Donna Palmer

Donna Palmer

April in Chino Hills means blooming plants and making sure we have our tomatoes, peppers, and eggplants in the ground for summer harvest. By the end of the month, the summer squashes will be planted.

Seems like the big box stores and nurseries are bursting with goodies to take home; I’m seeing herbs and veggies next to berries, peaches, avocados, apples, and fruit trees. I want to bring them all into the garden! 

A little research now will go a long way to produce successful fruit, making sure the plant we bring home is suited to our garden’s climate/ microclimate.

Let’s begin with USDA Hardiness Zones. Regions of the United States have been classified into growing zones from 1a to 13b. Each zone is determined by the annual minimum winter temperature with each zone classification increasing by 10 degrees Fahrenheit. 

For example, Zone 9a may be 20 to 25 degrees Fahrenheit in winter, while Zone 10a temperatures may be 30 to 35 degrees Fahrenheit. 

These zones are meant to help gardeners choose plants which will thrive in that area. 

Here in Chino Hills, we are USDA Zone 10a. So before taking that fruiting plant home, make sure it is suited to the USDA Zone of the garden. The plant label should have this information. Hardiness Zone is item one to check before a purchase.

Not only should plants be appropriate to the garden’s zone, many fruit and nut trees require a minimum number of hours of cold weather to produce blossoms which develop into the fruit and nuts we love.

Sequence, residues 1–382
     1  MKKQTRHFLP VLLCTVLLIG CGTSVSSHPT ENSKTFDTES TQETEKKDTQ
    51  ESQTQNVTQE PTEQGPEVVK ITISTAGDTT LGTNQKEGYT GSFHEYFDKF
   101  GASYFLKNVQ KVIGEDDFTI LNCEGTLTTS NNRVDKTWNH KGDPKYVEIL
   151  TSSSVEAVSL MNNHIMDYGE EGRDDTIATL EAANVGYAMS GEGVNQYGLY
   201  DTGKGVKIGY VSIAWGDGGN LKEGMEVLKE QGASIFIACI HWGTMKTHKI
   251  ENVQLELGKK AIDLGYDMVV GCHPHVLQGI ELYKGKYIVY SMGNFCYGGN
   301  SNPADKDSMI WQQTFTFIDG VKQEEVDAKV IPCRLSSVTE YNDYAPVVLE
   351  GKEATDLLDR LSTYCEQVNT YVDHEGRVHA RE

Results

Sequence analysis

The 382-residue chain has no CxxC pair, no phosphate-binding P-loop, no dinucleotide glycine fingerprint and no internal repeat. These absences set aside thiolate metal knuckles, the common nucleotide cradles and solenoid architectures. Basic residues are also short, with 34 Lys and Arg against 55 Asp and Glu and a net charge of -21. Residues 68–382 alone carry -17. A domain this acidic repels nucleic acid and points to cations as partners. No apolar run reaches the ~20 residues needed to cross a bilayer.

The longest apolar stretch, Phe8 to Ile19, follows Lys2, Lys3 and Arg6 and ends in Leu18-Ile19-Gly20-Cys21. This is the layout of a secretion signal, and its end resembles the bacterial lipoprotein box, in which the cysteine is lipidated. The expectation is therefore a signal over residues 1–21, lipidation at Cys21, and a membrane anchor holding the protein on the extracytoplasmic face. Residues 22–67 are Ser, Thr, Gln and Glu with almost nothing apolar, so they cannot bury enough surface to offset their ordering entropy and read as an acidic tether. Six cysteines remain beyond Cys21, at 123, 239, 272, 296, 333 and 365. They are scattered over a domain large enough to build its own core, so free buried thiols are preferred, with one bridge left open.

These hours are called “chill hours,” the number of hours in the growing year that the weather is between 32 and 45 degrees Fahrenheit. Without the proper number of chill hours, the tree will not break dormancy at the appropriate time to begin to produce flowers and fruit. This is item number two on the check list.

How to discover how many chill hours there have been in the garden? An internet search for “chill hour calculator” will render the required results. UC Davis maintains a database of climate statistics gathered from weather stations scattered around the state. 

A quick look at fruitsandnuts.ucdavis.edu will identify the number of chill hours within the period of time and location used in the search criteria. Item number two: check.

Clearly some plants have a low chill requirement (like the California Fig or Ficus carica ‘Mission’) and some require more cold (like cherries). Luckily growers continue to develop low chill plants for our region. How do gardeners discover the chill hour requirements when they are not on the plant label? 

University of California website: The California Backyard Orchard or homeorchard.ucanr.edu/fruits&nuts to the rescue. This guide has information on choosing the best plant for your garden, necessary chill hours, planting and more. It’s a great place to learn more about the fruiting plants you see in that garden store. Happy planting!


Donna Palmer is a San Bernardino County Master Gardener (class of 2021) who lives and gardens in Chino Hills. The University of California Cooperative Extension Master Gardeners in San Bernardino County operate a free helpline to address your home gardening and landscaping questions: mgsanbern@ucanr.edu. Visit: http://mgsb.ucanr.edu for a list of upcoming classes and events.

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